Approximately 4000 seeds per gram. Lot# OR11001 Origanum vulgare hirtum A member of the mint family, oregano is commonly used in Italian dishes and is a component of chili powder. This low-growing plant also makes an attractive ground cover. The oregano most often used in cooking goes by the common name Greek Oregano, Winter Sweet Marjoram, and Italian Oregano. It's a hardy plant that establishes quickly. It is simply the best of the many varieties of oregano for cooking. This herb dries well, and retains its strong flavor and aroma if stored correctly. It also flourishes in containers. Oregano can reach a height of 45 cm (18”), but usually grows between 8-12 inches, especially if you are harvesting regularly. Plants will spread about 18 inches and will send out runners.
Start indoors in plug trays or small pots from February to April. Starting indoors is more reliable than direct sowing. Oregano seeds are very small, so handle with care. Try to evenly distribute the tiny seeds on the surface of the soil. Do not bury them. Aim for 25 cm (10") between plants.
Soil Conditions: Well worked loose soil. Sow the seeds on the surface of dampened, sterilized seed starting mix under bright light with bottom heat. Keep watering to a minimum. Herbs grow best in well-drained fertile soils, so a garden bed that is well prepared with plenty of organic matter will increase your chances of success. Maintain a soil pH of 6.5. After seeding or transplanting, keep the soil moist and well weeded. When seedlings are large enough, harden them off and transplant to the garden or to containers spacing them at 23-38 cm (12-15″) apart.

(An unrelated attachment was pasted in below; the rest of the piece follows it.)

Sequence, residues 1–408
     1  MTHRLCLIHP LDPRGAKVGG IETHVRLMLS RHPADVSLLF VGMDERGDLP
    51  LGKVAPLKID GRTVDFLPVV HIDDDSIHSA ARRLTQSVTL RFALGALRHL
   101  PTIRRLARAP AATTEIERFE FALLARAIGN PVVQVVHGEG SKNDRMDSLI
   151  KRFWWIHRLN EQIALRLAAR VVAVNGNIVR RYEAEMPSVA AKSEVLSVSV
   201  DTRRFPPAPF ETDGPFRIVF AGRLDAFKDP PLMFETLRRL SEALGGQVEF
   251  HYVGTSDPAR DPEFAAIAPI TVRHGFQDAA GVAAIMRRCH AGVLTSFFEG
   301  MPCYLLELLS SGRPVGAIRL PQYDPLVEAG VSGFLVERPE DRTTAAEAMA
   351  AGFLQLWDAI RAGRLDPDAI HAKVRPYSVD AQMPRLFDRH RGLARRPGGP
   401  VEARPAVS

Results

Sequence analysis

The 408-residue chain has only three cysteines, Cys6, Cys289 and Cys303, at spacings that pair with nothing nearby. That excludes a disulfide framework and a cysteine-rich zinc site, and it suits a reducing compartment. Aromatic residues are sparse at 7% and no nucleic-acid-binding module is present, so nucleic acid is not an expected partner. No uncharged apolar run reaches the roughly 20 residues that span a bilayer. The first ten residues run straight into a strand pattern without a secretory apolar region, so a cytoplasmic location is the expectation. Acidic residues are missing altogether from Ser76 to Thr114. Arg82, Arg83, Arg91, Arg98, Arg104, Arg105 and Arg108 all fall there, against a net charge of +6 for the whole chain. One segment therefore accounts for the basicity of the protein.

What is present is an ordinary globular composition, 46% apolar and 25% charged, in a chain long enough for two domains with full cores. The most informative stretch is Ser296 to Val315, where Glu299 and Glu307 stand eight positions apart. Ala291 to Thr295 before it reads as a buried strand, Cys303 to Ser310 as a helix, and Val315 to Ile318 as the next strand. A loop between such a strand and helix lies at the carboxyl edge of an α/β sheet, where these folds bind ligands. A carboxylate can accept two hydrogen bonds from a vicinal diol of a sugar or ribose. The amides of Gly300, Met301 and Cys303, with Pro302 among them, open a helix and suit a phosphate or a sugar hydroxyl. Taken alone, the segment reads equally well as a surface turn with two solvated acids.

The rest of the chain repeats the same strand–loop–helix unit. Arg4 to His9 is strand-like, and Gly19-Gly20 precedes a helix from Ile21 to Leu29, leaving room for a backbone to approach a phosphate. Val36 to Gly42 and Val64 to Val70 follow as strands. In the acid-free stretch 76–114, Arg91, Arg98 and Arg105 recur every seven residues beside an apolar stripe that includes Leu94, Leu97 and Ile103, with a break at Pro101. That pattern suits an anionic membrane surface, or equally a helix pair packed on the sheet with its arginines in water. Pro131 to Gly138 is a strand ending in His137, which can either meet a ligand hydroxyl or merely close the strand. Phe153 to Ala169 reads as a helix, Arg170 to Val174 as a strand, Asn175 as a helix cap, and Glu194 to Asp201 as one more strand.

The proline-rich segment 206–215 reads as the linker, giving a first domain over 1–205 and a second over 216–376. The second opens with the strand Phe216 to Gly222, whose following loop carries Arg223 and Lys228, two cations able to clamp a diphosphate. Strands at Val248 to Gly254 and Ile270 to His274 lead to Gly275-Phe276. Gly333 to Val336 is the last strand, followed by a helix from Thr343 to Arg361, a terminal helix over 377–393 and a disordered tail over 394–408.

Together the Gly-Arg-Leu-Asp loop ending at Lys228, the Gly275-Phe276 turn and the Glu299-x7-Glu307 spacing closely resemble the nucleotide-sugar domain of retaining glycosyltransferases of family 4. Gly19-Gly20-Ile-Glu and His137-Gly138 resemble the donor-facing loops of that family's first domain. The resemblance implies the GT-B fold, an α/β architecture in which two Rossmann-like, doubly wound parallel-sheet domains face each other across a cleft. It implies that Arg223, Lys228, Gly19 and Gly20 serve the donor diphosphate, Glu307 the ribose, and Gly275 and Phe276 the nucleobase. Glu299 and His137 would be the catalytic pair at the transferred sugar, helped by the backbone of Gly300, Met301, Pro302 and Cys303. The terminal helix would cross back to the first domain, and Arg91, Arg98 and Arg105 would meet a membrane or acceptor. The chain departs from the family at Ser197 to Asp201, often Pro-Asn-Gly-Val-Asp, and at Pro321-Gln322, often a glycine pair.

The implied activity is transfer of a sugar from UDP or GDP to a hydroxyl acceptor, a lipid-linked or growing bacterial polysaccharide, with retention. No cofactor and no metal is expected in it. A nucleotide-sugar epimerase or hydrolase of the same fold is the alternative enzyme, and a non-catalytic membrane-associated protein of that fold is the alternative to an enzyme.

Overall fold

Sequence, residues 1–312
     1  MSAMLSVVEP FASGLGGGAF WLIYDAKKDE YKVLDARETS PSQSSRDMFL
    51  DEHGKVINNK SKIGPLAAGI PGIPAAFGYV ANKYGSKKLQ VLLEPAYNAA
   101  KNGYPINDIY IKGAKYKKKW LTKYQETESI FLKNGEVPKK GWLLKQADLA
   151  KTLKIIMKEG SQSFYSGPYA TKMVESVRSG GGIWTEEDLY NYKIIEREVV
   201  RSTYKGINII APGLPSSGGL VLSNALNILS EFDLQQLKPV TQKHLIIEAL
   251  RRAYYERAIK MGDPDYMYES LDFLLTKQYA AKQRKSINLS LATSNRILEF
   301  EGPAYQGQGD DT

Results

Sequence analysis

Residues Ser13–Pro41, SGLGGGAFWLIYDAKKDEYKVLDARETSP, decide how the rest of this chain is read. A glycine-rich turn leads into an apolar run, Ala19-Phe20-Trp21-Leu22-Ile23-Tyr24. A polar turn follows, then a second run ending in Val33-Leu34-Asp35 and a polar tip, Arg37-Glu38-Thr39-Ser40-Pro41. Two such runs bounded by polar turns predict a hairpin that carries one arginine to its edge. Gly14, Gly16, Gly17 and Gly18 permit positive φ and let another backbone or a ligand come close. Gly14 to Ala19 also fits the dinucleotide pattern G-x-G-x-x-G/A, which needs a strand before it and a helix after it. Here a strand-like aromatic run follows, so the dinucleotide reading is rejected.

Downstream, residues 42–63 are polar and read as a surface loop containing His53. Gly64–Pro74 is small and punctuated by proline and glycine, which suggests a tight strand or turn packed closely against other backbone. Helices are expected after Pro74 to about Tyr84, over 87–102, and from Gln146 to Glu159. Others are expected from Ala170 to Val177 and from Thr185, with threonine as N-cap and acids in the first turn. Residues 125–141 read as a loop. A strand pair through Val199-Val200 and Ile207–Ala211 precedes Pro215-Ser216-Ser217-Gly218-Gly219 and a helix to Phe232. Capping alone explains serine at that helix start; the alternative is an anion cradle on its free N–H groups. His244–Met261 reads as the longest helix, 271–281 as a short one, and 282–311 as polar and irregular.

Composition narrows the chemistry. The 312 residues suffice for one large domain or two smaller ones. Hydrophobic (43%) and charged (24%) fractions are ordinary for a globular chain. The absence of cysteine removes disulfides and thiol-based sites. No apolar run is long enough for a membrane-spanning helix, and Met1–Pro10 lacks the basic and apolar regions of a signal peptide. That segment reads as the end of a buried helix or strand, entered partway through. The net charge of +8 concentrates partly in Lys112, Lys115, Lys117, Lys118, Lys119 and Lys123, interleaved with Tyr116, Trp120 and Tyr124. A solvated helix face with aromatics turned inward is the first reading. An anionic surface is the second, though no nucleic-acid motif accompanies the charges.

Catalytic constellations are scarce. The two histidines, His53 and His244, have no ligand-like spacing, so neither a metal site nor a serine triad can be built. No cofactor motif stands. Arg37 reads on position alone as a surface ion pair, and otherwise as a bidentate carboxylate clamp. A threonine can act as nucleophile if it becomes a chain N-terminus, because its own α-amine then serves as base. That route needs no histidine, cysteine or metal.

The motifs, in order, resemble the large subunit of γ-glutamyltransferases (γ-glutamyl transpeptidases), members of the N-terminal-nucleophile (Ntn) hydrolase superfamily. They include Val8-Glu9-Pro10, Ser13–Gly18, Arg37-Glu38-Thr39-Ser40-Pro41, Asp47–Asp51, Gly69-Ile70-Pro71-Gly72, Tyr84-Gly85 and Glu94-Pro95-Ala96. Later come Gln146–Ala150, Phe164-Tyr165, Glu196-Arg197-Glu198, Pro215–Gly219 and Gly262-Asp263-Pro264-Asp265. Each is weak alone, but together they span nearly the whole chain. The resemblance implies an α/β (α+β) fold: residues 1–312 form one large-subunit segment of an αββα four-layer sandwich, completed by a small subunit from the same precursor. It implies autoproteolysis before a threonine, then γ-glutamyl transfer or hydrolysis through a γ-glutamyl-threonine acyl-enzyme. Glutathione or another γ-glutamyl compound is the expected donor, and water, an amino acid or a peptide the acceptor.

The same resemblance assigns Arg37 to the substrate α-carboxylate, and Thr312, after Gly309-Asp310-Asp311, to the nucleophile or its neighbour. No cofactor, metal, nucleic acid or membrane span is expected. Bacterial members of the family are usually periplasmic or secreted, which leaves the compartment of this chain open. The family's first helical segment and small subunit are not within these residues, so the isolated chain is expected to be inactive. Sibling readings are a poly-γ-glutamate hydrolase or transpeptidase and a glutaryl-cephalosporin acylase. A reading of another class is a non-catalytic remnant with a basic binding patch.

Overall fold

Planting Depth: Surface seed and moisten seed. Lightly press into the planting medium.
Additional Information Open pollinated-untreated Seeds. Oregano leaves can be harvested at any time of the year as long as the plants are established. Oregano is one of the few herbs that become more pungent when dried. For drying, cut bunches of oregano just before flowering and then hang in a dry, well ventilated location. Harvest oregano in the morning when the essential oils of the plant are at their peak. When flowers appear, oregano is ready to be harvested, unless continuous picking of leaves during growth prevents flowering. About six weeks after planting, trim oregano shoots to within one inch of the center which will stimulate lush, bushy growth.